Because of all these factors, lymphedema is a relatively common side effect of breast cancer treatment. Lymphedema may be temporary or chronic, and it may appear directly after treatment or months (or years) later. Temporary lymphedema usually happens right after surgery or chemo and goes away on its own in about a month. Chronic lymphedema develops slowly over time, and the earlier you catch it and begin treatment, the easier it will be to manage your symptoms.
Alongside other treatments—such as elevating the limbs and maintaining a healthy weight—compression therapy can help you manage lymphedema after cancer treatment. The tight fabric of compression garments encourages the healthy flow of both blood and lymph to the affected body part. This discourages the lymph from collecting in one area, which is what causes the characteristic swelling of lymphedema. Compression socks also encourage healthy blood flow, which ensures that the affected areas are getting a steady supply of nutrients, which can speed the healing process.
If your lymphedema swelling fluctuates a lot, you might want to consider compression wraps instead of or in addition to compression sleeves. Compression wraps allow you to customize the size and are easier to put on by yourself if you have limited mobility, which may be the case after surgery.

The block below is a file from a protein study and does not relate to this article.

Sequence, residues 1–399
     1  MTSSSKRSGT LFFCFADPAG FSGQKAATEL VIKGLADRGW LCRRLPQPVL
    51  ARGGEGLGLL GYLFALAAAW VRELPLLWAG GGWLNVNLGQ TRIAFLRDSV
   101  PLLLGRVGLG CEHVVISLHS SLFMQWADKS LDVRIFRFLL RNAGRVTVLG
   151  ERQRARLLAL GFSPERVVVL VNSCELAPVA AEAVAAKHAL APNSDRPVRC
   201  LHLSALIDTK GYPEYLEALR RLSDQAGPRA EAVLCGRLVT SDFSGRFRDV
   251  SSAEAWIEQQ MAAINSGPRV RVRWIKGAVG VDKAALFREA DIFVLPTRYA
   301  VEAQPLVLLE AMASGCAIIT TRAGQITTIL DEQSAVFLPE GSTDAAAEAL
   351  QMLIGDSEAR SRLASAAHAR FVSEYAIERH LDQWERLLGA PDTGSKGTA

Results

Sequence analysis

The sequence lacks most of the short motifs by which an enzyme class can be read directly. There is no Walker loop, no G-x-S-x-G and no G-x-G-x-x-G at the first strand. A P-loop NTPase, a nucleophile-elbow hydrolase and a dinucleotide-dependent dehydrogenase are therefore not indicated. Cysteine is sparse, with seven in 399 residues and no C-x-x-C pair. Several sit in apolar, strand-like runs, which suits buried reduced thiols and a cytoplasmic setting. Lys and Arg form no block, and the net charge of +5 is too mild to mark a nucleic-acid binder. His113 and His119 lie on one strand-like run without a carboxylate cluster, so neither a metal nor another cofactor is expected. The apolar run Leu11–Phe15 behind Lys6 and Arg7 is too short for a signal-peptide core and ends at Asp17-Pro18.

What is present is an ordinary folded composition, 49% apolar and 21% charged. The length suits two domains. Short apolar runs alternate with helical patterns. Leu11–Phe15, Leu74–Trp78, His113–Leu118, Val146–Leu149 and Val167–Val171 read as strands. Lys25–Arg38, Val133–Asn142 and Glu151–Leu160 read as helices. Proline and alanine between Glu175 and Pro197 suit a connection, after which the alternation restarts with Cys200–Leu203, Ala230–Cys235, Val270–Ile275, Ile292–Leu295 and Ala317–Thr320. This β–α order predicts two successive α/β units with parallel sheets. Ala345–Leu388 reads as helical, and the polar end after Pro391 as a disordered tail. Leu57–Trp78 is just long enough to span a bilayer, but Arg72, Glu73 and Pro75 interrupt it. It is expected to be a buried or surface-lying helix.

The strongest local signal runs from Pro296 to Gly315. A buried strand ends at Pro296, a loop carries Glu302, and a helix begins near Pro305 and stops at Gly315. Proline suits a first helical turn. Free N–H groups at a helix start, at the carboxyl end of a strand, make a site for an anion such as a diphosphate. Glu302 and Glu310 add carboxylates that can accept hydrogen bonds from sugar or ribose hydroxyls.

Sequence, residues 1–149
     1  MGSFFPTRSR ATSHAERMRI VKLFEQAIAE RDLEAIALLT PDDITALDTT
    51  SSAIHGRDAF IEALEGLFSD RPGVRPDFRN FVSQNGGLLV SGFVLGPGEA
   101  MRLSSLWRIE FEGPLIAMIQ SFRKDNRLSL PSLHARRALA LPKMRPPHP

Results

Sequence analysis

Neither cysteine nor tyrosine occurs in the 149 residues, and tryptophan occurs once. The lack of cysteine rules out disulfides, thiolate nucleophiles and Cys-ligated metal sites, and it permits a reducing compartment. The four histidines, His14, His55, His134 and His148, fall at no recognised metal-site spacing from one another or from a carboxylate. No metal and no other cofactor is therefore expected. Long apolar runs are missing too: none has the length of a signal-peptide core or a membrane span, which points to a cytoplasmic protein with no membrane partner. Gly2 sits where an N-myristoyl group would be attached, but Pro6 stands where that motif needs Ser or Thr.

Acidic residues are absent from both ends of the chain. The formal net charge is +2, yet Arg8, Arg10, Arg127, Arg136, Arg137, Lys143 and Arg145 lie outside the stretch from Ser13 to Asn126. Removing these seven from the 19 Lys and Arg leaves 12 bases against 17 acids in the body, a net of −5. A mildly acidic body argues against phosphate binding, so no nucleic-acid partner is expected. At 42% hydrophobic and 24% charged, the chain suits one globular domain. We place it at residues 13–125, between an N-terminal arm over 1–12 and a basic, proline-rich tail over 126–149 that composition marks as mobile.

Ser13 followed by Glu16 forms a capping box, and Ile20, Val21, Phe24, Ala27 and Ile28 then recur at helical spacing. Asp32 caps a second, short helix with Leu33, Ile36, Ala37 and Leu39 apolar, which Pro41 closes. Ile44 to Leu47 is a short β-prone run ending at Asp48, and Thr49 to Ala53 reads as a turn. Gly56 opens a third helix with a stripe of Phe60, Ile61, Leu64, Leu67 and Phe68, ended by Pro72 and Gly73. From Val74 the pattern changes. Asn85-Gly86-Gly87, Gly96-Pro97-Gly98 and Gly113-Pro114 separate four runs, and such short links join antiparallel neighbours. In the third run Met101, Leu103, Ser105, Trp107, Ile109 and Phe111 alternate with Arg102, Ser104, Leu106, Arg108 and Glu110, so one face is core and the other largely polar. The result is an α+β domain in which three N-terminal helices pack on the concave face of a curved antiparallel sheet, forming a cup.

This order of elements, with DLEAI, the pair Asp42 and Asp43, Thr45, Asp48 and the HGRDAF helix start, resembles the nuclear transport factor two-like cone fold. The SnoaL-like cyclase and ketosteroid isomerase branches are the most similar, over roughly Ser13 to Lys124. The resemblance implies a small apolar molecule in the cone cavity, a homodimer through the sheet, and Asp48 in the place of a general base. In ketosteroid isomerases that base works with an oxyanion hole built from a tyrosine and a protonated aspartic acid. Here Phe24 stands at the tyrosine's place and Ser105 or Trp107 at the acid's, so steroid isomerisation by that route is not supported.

Both men and women can benefit from compression therapy, and it can especially help women address some of the common circulatory issues that they face. Whether you’re a professional executive who freezes in her office, an athlete hampered by sore muscles, a mother-to-be or a breast cancer survivor on the road to recovery, talk to your doctor to see if compression therapy can help ease your symptoms and boost your performance. And if you need help picking out compression gear for the first time, our customer service team is always happy to help.
Kaki Zell - Vice President of Sales, Marketing, eCommerce at Legs-4-Life LLC Kaki holds a Bachelor of Science degree in Business Administration and Management from Virginia Polytechnic Institute and State University. She’s been working in the medical device industry for over 11 years and currently serves on the Board of Directors for the Greensboro Science Center.
Written October 2019 | Page Last Updated December 2021
Advances in Physiology Education. “Sex and the Cardiovascular System” https://journals.physiology.org/doi/full/10.1152/advan.00099.2006